Charlie Jacobs, Boston Bruins, Boston
Through the passionate and patient hand of Boston Bruins owner Charlie Jacobs, more than 100,000 hungry Bostonians have been fed from food generated during games at the TD Garden. Under Jacob’s leadership, the Bruins and Garden joined the Rock and Wrap It up! program to avoid wasting food that could feed the hungry. Unsold food items from Bruins games at the Garden that can be consumed safely the next day are now donated to the Boston Rescue Mission, part of a nationwide initiative to help feed the hungry with leftovers from major arena events, rather than simply discarding the food. Some 25 tons of Garden food each year used to go to compost. Now, more than 16 tons could be saved and served at the mission, according the organization that oversees all food and beverage operations at the Garden. Similar programs are at work at sporting events and concerts across the country. Syd Mandelbaum, who nominated Jacobs for this merit award, in 1994 came up with the idea of asking rock bands to make sure leftovers from food for the band and its entourage go to feed the hungry. Today Mandelbaum’s organization, Rock and Wrap It Up!, works with more than 160 music bands, hotel chains, and dozens of colleges, universities, and sports franchises — including the 30 teams of the National Hockey League. Jacobs, principal of Delaware North Companies, which owns the TD Garden, knew that once the Bruins were on board, it made sense to broaden the initiative to other events in the arena.
Environmental, Community, Academia & Nonprofit
Green Decade Newton, Newton
Green Decade Newton was founded in 1990 to create an environment in better balance with the natural world by improving the way we use resources. Volunteers for this non-profit work to solve environmental problems, including expected climate change consequences. The group works to get more people recycling and to make Newton’s buildings more energy efficient. It advocates for bike and pedestrian safety improvements, the protection of water systems and safe alternatives to toxic chemicals in homes and gardens. Last year, Green Decade worked with the Newton Department of Public Works to design and help pay for “recycling education stickers,” which its volunteers then placed on some 20,000 recycling bins. In 2014, Green Decade continued to work with the town’s director of sustainability to get residents to use reusable bags instead of plastic or paper bags. They helped fund and distribute 1,000 “Sustainable Newton” reusable bags. Also last year, board members serving on Newton’s Energy Commission convinced the town to replace 8,000 street lights with energy efficient LED bulbs, expected to reduce energy consumption by nearly 160,000 kilowatt-hours a year. The group helped homeowners sign up for Mass Save home energy assessments and established a project to bring affordable solar to residents. These projects are all intended to help the community reduce energy usage by at least 20 percent by 2020.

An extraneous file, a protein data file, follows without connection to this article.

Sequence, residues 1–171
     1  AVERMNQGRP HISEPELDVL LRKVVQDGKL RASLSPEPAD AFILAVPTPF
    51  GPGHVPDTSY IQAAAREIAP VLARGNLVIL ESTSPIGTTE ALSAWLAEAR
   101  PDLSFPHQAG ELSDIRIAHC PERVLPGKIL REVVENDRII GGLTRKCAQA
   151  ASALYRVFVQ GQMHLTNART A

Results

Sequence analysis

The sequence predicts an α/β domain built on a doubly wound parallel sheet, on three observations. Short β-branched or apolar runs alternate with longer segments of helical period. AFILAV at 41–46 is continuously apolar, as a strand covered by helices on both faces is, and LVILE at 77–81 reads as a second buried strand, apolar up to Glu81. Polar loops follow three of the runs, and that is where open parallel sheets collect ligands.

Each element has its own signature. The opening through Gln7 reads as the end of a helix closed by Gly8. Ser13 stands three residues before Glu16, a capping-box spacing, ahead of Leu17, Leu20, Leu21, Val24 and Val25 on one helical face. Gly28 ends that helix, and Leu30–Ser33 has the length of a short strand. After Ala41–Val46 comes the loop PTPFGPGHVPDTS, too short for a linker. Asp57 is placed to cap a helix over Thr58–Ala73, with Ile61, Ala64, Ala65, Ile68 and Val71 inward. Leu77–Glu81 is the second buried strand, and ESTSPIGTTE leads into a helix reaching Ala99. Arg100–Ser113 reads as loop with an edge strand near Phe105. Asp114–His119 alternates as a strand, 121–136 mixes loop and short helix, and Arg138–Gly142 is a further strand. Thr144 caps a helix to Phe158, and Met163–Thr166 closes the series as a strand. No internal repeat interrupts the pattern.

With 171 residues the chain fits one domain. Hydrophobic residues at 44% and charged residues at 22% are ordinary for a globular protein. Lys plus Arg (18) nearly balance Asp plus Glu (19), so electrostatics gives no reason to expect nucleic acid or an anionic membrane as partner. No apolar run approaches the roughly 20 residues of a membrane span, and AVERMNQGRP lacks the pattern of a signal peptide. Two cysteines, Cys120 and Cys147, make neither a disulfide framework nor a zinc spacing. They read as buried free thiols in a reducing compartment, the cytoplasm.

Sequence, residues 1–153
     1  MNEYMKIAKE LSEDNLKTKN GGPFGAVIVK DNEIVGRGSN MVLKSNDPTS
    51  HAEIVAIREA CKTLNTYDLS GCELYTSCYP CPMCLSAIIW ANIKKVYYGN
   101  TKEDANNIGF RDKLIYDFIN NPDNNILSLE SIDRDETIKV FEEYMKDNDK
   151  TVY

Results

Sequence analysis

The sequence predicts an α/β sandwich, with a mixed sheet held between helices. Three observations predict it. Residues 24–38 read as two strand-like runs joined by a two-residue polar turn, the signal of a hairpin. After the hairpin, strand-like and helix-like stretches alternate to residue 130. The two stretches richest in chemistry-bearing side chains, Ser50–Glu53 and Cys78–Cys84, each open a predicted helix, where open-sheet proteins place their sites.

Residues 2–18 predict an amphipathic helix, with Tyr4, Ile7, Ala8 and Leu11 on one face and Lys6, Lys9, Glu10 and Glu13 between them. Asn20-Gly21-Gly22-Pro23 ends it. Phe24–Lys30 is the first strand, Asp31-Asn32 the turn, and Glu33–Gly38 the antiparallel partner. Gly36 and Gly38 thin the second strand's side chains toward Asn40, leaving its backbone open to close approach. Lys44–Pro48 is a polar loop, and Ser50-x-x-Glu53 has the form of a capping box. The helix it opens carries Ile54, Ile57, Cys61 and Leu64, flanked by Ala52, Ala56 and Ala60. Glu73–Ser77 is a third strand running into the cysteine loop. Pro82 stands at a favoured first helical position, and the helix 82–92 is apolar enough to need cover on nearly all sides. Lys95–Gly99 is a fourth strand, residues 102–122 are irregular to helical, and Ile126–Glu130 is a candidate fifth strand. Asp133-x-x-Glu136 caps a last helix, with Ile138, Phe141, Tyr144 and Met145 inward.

Business, Industry, Trade and Professional
Professional Wet Cleaning Work Group, Lowell
The Professional Wet Cleaning Work Group is composed of dry cleaners that have made the switch from perc, a solvent commonly used in dry cleaning, to a cleaner, healthier system. Perc is often used because it is effective, easy to use and relatively low cost. But its improper use, storage and disposal have contaminated groundwater and soil at dry cleaning sites, leading to human exposure and a variety of adverse health effects. Cleaners looking for cleaner, less regulated alternative have turned to professional wet cleaning, which operates with computer-controlled washers and dryers along with biodegradable detergents and specialized finishing equipment. They have made the switch with the technical and financial assistance of the Toxics Use Reduction Institute in Lowell. To date, 10 Massachusetts cleaners have changed to dedicated wet cleaning. Each of these cleaners took a risk with a new technology, and each has devoted significant time to educate other cleaners about wet cleaning. Because of the work of these 10 cleaners, hazardous air emissions and hazardous waste were eliminated from the process. The professional wet cleaners saw reductions in energy use and saw a drop in water use after switching to professional wet cleaning.
Gorton’s Seafood, Gloucester
Gorton’s Seafood, with a history of environmental responsibility, has worked to reduce its carbon footprint. From transportation practices and relationships with vendors to its own manufacturing plant and fishing practices, Gorton’s aims for environmental responsibility. Gorton’s doesn’t own warehouses or trucks, but works closely with partners to reduce its carbon footprint. It has been a shipping partner in EPA’s Smartway Transport program since 2010, working to make its own operations more efficient as well as to motivate other carriers. The company has installed a no idle policy for truckers, increased its use of intermodal transportation and used light-weight equipment where possible to allow heavier payloads and fewer truckloads each year. Gorton’s warehouse partners also use green practices including LED lighting, reflective roofing to lower refrigeration needs and high frequency battery charges for fork lifts. The company’s purchasing department looks for sustainable products. Gorton’s production facility has installed water fountains to eliminate plastic bottles, waterless urinals to reduce water usage, and LED lighting to cut energy use. As Bruce Horne, general manager for transportation, said, “Our future existence is dependent upon sustaining a global fisheries resource, and this culture is engrained into all facets of our business practices.” EPA is honored to recognize the work and commitment of Gorton’s Seafoods to environmentally friendly strategies.